"I'm going to speak my mind because I have nothing to lose."--S.I. Hayakawa

Thursday, May 19, 2016

Lost in Translation

I've tried to tell the red squirrels that visit my bird feeder that it's called a "BIRD" feeder for a reason.

 Really, Squirrel, it's no wonder why the feeder is empty so often and you have to dive for sunflower seeds.

Yes, I'll refill it soon.

You're welcome.   (Sigh.)

That pretty Pine Grosbeak lady is waiting patiently for her turn.

Monday, May 16, 2016

Tossing Off the Winter Duvet

 Not long ago, I was lying in bed reading when I heard a loud roar.   That I heard something in this quite sound-proof house was amazing.  I figured it was one of the passenger jets flying over the mountains behind my house, on approach to the airport in Anchorage.

Or a bunch of Harleys.    Or a truck using its jake brake.   Or the beginning audio part of an earthquake.

Not once did I think of how the mountains throw off their winter snow mantles.   Not once.   So, when various neighbors asked me if I"d "HEARD THAT AVALANCHE!!! (delivered with the wide eyes of someone who'd experienced something awesome), it took me a while to put that loud noise together with their descriptions of how they were awakened by THAT AVALANCHE.

We're used to avalanches around here.   In the spring, especially, when warm temperatures and mountains touched by sunlight start shedding.  They are quite entertaining and leave amazing patterns in the discarded snow.

These three photos are of a mountain along the Hope Road.

Now that the mountains are greening-up with summer, the path of THAT AVALANCHE is even more impressive, because THAT AVALANCHE was not only snow.   It scraped vegetation off the rock body of the mountain, wrenched shrubs and trees out by their roots, and piled them all up at the mountain's base.  It essentially denuded the path it took.

No wonder it woke everyone up.

Thursday, May 12, 2016

Saturday, May 7, 2016

Jesus and the Firewood

Moose don’t eat spruce.   The only interaction between moose and a spruce is during hunting season when a moose with a 60-inch rack steps behind a spruce and disappears into a black hole, never to be seen again until hunting season is over and it strolls casually through your yard.

Nor do moose eat hemlock.   Or those things we call cottonwood but are really balsam poplar.

Moose do like birch.   And willow.   Also any ornamental trees or bushes you’ve planted, the flowers and the vegetables growing in your garden, as well as any Jack-o-Lanterns you’ve set outside.

But not spruce.  So, in its wisdom, the US Forest Service decided to welcome more moose into the area by clearing a large swath of land not far from where I live.   The spruce and hemlock and many of the cottonwoods were all but clear-cut.    A bunch of birch were cut, too, but many were left to propagate little birches which the moose really like, all in the interests of enhancing moose habitat.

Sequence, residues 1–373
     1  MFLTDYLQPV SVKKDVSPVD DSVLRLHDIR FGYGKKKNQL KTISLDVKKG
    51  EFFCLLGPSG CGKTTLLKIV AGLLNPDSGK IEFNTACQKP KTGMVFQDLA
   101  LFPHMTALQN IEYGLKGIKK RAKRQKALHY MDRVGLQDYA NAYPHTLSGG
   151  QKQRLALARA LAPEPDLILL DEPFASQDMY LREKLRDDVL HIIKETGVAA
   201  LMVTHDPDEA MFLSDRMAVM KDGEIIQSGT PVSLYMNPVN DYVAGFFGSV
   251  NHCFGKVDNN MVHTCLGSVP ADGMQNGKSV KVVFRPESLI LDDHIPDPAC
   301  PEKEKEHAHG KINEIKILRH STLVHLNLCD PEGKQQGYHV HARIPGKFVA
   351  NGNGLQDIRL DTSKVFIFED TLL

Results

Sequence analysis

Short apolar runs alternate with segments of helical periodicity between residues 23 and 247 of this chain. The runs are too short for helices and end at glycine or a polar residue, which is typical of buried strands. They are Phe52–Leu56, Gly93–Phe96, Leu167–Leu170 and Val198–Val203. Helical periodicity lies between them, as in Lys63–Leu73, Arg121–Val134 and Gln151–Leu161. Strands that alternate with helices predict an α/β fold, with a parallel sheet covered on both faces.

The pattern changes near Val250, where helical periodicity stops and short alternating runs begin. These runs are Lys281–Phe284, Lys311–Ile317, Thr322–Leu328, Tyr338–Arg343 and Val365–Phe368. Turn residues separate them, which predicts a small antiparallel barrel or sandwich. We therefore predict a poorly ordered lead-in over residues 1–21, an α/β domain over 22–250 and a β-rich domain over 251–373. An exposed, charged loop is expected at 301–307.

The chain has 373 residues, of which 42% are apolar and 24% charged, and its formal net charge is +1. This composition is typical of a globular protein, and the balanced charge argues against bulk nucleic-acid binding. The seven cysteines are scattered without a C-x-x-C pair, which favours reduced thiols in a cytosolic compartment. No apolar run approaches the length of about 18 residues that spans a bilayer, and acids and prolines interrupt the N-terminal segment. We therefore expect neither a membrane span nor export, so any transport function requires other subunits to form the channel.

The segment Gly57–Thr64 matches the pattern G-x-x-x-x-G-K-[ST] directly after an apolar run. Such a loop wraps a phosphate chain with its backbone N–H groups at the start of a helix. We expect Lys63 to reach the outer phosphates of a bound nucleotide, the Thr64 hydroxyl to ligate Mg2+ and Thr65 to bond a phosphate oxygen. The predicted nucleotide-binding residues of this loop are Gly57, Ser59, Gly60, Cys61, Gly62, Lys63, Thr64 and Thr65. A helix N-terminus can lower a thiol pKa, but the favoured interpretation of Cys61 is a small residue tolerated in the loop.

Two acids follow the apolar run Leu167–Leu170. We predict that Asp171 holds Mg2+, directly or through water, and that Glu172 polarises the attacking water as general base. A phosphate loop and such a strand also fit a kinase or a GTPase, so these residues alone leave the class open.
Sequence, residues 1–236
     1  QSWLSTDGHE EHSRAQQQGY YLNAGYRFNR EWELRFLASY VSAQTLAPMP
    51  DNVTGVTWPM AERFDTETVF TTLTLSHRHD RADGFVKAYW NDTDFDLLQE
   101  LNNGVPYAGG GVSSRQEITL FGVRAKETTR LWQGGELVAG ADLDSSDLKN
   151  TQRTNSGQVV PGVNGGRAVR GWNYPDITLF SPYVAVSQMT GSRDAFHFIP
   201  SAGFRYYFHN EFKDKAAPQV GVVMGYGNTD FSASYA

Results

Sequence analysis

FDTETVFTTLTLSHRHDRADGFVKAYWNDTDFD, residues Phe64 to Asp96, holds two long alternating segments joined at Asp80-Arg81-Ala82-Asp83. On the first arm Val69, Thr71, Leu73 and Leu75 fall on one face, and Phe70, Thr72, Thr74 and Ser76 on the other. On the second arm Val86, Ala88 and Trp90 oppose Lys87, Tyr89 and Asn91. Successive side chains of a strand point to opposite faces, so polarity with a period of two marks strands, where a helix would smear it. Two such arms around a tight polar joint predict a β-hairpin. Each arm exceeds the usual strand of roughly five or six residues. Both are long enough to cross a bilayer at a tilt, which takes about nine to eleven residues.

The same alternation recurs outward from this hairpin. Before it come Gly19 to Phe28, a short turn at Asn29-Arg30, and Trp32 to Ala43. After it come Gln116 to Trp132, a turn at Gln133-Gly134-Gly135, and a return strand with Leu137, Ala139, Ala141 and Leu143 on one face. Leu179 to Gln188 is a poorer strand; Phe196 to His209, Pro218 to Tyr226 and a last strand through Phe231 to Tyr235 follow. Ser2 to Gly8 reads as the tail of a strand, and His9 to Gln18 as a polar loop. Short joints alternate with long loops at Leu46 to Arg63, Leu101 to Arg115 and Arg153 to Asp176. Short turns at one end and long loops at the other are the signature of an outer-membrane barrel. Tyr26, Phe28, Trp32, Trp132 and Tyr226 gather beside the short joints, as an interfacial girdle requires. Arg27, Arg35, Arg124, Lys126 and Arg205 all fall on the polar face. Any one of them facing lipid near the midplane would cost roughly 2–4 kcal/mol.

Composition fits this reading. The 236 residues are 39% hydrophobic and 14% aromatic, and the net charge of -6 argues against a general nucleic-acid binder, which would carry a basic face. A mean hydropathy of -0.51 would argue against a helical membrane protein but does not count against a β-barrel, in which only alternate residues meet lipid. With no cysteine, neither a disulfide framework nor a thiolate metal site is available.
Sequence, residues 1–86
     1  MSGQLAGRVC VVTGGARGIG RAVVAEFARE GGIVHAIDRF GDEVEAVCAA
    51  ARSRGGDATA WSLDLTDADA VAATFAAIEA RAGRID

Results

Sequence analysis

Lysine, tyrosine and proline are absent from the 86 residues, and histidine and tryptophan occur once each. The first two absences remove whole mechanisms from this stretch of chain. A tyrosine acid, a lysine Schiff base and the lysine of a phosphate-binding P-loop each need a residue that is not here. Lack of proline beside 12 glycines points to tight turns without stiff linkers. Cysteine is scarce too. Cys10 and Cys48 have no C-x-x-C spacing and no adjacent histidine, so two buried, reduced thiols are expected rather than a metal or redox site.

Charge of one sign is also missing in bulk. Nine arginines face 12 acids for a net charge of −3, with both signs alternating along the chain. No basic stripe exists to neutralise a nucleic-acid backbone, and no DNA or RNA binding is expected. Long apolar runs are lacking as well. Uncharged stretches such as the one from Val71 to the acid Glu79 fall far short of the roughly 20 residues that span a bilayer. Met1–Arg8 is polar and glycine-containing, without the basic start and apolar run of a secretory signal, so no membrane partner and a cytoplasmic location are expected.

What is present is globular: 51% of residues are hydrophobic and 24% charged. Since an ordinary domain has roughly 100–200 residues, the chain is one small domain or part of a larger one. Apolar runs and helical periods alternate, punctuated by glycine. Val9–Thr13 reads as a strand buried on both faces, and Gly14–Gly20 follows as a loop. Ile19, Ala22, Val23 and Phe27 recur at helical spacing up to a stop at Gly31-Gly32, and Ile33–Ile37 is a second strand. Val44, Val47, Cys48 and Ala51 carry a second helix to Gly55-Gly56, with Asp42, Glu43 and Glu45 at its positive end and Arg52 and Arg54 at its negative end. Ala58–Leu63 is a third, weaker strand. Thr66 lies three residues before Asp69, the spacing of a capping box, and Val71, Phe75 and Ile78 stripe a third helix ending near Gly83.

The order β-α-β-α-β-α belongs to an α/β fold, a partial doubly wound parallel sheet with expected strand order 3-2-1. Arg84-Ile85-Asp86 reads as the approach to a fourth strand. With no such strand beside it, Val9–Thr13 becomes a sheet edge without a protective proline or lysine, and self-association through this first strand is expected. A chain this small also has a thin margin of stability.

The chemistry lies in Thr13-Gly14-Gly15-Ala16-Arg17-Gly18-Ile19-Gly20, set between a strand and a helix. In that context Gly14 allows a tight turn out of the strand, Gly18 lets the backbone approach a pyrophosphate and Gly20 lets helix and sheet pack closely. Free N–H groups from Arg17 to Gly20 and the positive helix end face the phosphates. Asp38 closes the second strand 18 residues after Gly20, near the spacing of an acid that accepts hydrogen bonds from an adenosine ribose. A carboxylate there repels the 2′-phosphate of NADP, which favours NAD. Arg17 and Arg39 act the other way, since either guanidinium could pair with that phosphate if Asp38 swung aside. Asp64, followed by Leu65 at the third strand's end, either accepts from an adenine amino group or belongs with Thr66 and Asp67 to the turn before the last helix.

Not many spruce were left.   Just a few, and those were skinny enough that no hunting season black holes could lurk behind them.

All this chopping down of trees resulted in gazillions of tree trunks, shorn of their branches, all laid side by side in nice decks where you can drive your truck right up to them and cut them into rounds with your handy Stihl 024 Wood Boss chainsaw. Which is what I was doing yesterday and today.

One of many decks.


But yesterday is what I want to tell you about.

In between rain showers, and sometimes during them, I cut round after round of spruce and birch and loaded them into the back of my mid-sized, short-bed pickup.  By the time I’d half-filled the bed of the truck, I was once again having one of those when-are-you-going-to-start-acting-your-age conversations with myself.  This was accompanied by heavy breathing of the exhausted kind, bottles of water, and leaning on the tailgate, all while surveying the pile of cut rounds that needed to be lifted into the truck, which by now seemed to me to be getting higher and higher off the ground as the rounds of wood lay on the ground gaining weight by the second.

A truck full of firewood passed me, and we exchanged waves.   It stopped about 50 feet away and two guys got out.

About what I'd accomplished before the miracle struck.

“Would you like us to help load your truck?” one of them asked.  I looked at all that heavy birch at my feet and said, “YES!   Really?”  I figured they’d pick up all the rounds I’d already cut, but NO!   One man went back to his truck and grabbed his chain saw.

Then, one man cutting, and the other loading my truck, they proceeded to make sure I had a full load.  I was really grateful.   So were my back, my hands, and my shoulders.

When Hill and Micah finished the job.

As we stood around shaking hands and introducing ourselves, the older of the two, Hill, said, “You know Jesus loves you, don’t you?”

Man, I figured if that’s what nudged these two Good Samaritans to stop and help out an  old woman, then by golly, He must.   “I saw you here and figured if I helped you out a bit, I could say that,” said Hill.

Hill and Micah, the younger guy, got in their truck and drove off.   I stood there thinking about what Hill had said, how expressions of belief and “Jesus loves you” and even "Merry Christmas" have become almost non-PC these days.  Myself, I figure religion is a personal subject and I choose not to discuss it.

Hill and Micah

But who am I to argue about Hill and Micah filling up my truck with firewood, and why they did so.? Far as I’m concerned, Jesus loves them.

And so do I.

Home and in the woodlot.

This is a truck that left before Jesus nudged Hill and Micah to help me.   It has nothing to do with my story.   I just thought it was funny.

Pretty sure he got into the truck once they got off this bumpy dirt road.